Seventeen months ago, then-U.S. Secretary of the Interior Ken Salazar stood with Mayor Bloomberg and other officials in Brooklyn and announced big plans for the future of Gateway National Recreation Area — the federally protected park that includes most of the Jamaica Bay shoreline, as well as portions of the Rockaways, Staten Island and New Jersey.
The park was underutilized, Salazar said, and the Obama administration wanted to see the land become a recreational area, part of the White House’s nationwide plan to invest in urban parkland. Last week, they moved forward with those plans.
The city Parks Department and the National Park Service announced on March 11 that three requests for proposals have been issued for the installation, operation and maintenance of kayak and canoe rental stations, bike rental stations, and mobile food units on both city and federal parkland throughout Jamaica Bay, the Rockaway Peninsula and the adjoining Gateway National Recreation Area.
Specifically, the RFPs seek a concessionaire for a one-year term, with three, single-year renewal options — exercisable at the Parks Department’s and the concessionaire’s mutual discretion. The RFPs are for operations to begin this summer.
“We are hoping to offer opportunities for New Yorkers to bike, eat and paddle, and are looking to receive proposals from companies or individuals with strong backgrounds in delivering these amenities to the public,” said city Parks Commissioner Veronica White.
But a lot has happened since the deal was announced in 2011 and agreed to last summer. Topping the list of issues the bay has faced since then — a direct hit from a 10-foot storm surge caused by Hurricane Sandy almost a year to the day after Salazar came to the bay.
The aftermath of the storm has led to a common reaction to the plan among activists and officials who know Jamaica Bay well:
Hey, that’s great, but we have bigger problems to attend to first.
“They’re putting the cart before the horse,” said said Don Riepe, the northeast chapter president of the American Littoral Society and a Broad Channel resident, noting by his count, there are still around 200 boats or fragments of boats scattered throughout the bay as a result of Sandy, most notably the one still bobbing in the tide in Charles Park in Howard Beach, where it has sat since mid-January.
“Kayaking and camping are all great, but considering the amount of debris and destruction, we are trying to clean up the bay. That should be priority,” Riepe added.
The RFPs were also announced at the March 7 Community Board 10 meeting, when Chairwoman Betty Braton brought up the issue of debris in the bay.
“We will let them know that we want to see some action at Charles Park and other locations that need some attention,” she said.
Though Sandy devastated Charles Park, some Howard Beach residents have been complaining about the situation there since long before the storm.
Daphne Yun, a spokeswoman for the NPS, said it and the city would move forward with plans to open the RFPs despite the storm and that the agency has been able to also focus on post-Sandy cleanup.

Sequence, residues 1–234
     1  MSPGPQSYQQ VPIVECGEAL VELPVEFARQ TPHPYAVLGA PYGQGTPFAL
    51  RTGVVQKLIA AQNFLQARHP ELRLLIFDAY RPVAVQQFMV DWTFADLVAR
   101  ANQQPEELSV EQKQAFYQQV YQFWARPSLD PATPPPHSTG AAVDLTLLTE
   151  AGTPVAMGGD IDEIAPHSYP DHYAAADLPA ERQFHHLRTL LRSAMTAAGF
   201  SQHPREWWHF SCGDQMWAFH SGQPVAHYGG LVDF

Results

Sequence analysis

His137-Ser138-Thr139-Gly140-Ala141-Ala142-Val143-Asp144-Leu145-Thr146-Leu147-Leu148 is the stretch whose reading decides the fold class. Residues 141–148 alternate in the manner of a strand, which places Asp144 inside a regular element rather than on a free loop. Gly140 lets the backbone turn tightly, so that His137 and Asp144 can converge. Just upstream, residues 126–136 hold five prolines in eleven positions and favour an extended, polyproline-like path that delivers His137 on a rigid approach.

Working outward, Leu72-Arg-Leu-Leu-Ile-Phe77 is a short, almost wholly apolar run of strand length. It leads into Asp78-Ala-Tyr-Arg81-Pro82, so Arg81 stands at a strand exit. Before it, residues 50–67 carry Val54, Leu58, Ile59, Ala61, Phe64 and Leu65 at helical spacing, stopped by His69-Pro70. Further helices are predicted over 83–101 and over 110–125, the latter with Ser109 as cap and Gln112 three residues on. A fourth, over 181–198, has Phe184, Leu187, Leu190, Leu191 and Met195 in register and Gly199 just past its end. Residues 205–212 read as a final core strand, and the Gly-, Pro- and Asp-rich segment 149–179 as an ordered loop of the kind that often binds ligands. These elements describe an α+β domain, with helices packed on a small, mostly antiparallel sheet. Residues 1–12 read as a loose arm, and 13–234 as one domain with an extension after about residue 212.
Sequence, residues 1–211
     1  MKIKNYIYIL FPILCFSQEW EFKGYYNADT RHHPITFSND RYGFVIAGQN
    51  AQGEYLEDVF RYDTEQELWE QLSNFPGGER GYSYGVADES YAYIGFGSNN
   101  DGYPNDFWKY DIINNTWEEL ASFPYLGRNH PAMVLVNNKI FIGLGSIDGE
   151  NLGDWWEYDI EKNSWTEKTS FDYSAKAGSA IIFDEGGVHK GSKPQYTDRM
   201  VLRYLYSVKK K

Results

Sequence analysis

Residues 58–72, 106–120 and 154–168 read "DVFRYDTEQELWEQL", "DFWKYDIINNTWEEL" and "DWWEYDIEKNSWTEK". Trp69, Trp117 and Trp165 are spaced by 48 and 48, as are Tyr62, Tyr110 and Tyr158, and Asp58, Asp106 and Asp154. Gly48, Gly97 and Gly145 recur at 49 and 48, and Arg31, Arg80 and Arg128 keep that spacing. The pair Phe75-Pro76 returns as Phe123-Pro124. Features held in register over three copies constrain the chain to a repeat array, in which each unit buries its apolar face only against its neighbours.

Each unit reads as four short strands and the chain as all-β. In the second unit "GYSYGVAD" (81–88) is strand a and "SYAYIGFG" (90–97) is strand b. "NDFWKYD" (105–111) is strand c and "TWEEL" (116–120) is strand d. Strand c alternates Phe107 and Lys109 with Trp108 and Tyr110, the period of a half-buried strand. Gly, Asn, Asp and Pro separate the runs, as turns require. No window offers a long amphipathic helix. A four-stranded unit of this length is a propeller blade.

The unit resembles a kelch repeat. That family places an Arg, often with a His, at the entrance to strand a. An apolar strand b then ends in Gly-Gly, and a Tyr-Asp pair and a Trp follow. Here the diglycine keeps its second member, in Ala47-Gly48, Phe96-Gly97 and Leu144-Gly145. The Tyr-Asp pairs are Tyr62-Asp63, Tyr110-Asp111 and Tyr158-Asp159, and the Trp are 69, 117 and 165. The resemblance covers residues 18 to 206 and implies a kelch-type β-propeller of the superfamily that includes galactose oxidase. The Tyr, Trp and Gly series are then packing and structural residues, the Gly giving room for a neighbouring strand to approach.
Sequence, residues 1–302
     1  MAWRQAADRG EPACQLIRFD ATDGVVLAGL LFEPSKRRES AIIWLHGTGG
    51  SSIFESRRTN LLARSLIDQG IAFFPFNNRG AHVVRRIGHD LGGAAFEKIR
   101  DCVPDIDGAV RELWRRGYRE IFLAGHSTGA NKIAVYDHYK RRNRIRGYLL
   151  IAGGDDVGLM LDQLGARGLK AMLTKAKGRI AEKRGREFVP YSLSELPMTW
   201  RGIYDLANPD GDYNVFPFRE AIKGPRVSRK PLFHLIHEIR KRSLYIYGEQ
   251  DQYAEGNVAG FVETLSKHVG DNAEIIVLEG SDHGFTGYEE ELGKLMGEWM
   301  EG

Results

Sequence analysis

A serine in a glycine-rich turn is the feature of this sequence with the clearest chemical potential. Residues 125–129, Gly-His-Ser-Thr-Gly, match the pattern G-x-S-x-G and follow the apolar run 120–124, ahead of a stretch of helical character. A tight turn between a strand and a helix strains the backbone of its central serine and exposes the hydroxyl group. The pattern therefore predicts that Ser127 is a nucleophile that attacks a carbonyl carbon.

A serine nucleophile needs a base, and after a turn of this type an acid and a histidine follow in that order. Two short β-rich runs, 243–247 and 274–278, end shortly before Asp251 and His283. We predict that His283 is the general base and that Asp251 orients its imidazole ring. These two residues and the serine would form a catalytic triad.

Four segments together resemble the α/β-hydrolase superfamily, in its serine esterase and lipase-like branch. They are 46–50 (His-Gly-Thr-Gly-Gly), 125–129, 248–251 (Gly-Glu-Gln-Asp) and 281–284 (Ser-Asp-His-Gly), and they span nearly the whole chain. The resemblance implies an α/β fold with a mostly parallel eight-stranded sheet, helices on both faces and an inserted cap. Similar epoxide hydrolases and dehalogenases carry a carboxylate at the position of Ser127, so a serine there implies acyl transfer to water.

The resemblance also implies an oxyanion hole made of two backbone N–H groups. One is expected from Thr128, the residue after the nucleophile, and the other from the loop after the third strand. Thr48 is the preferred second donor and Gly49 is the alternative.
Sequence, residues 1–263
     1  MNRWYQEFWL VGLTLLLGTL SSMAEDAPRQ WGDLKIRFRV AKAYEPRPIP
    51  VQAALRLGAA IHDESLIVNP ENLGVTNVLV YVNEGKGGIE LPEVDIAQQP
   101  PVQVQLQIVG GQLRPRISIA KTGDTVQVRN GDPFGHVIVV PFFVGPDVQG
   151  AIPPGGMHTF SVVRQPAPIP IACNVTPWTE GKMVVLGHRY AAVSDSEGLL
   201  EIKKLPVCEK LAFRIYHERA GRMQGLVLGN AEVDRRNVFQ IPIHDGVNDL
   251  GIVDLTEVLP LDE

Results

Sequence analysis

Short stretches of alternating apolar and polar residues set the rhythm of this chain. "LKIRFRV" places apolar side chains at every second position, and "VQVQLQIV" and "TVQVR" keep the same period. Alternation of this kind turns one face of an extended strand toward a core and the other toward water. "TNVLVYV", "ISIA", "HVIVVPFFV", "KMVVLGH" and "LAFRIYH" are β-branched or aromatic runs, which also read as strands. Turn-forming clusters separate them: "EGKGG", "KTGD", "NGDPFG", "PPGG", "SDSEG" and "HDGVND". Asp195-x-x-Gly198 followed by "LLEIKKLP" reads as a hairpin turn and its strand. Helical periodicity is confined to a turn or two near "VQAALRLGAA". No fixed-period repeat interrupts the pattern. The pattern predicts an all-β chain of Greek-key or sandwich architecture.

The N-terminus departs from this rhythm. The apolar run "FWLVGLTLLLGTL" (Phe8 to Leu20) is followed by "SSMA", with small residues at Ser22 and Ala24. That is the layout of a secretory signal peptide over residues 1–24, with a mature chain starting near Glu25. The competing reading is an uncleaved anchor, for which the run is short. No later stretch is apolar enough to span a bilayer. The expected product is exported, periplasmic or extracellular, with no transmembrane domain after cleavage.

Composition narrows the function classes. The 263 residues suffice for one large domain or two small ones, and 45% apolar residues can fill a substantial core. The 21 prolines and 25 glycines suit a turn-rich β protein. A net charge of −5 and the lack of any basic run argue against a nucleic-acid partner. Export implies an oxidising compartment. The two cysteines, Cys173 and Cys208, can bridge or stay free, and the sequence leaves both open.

“The timeline for the RFP that NYC and the NPS just put out for kayaking, biking and food was not affected by Hurricane Sandy,” she said in an email.
According to an NPS press release, most public facilities were either undamaged in the storm or have already been repaired and reopened. The campgrounds at Floyd Bennett Field reopened March 1. Riis Park and Fort Tilden’s athletic fields will be open this summer, though the beach at Fort Tilden will remain closed due to safety concerns.
Yun added that the abandoned Charles Park boat has not yet been moved because the NPS is looking for the owner first, and has not yet found him or her.
Assemblyman Phil Goldfeder (D-Rockaway Park) said he approves of the plan to bring kayaking and other activities to the bay, noting the potential economic benefit to the communities that need it after Sandy.
“The expansion of uses at Jamaica Bay over the past five or 10 years has helped to improve our local economy and bring attention to the bay. The tremendous economic benefit is often overlooked,” he said. “We’re in the middle of a recovery, but we have to start thinking of the future. Over the last two years, we’ve seen a renaissance in Rockaway; we need to make sure we don’t slow our momentum.”
Goldfeder added that bringing kayakers and other people looking for recreation would not only help the community economically, but may also bring people who could see the recovery first hand and pitch in or donate to relief funds.
Rockaway Beach, which suffered a catastrophic blow from the storm, will also be open in the summer.
The Parks Department said it would build “boardwalk islands” along Rockaway Beach where the boardwalk was destroyed in Sandy. The islands will be built around concession buildings that survived the storm. The department has said the beach would be ready and open by Memorial Day.
There was an informational meeting at Floyd Bennett Field on Wednesday morning. Hard copies of the RFPs can be obtained, at no cost, through April 8 between the hours of 9 a.m. and 5 p.m., excluding weekends and holidays, at the Revenue Division of the New York City Department of Parks and Recreation, which is located at 830 Fifth Avenue, Room 407. The RFPs are also available for download through April 8 on the Parks Department website, nyc.gov/parks. All proposals submitted in response to the RFPs must be submitted no later than Monday, April 8 at 3 p.m.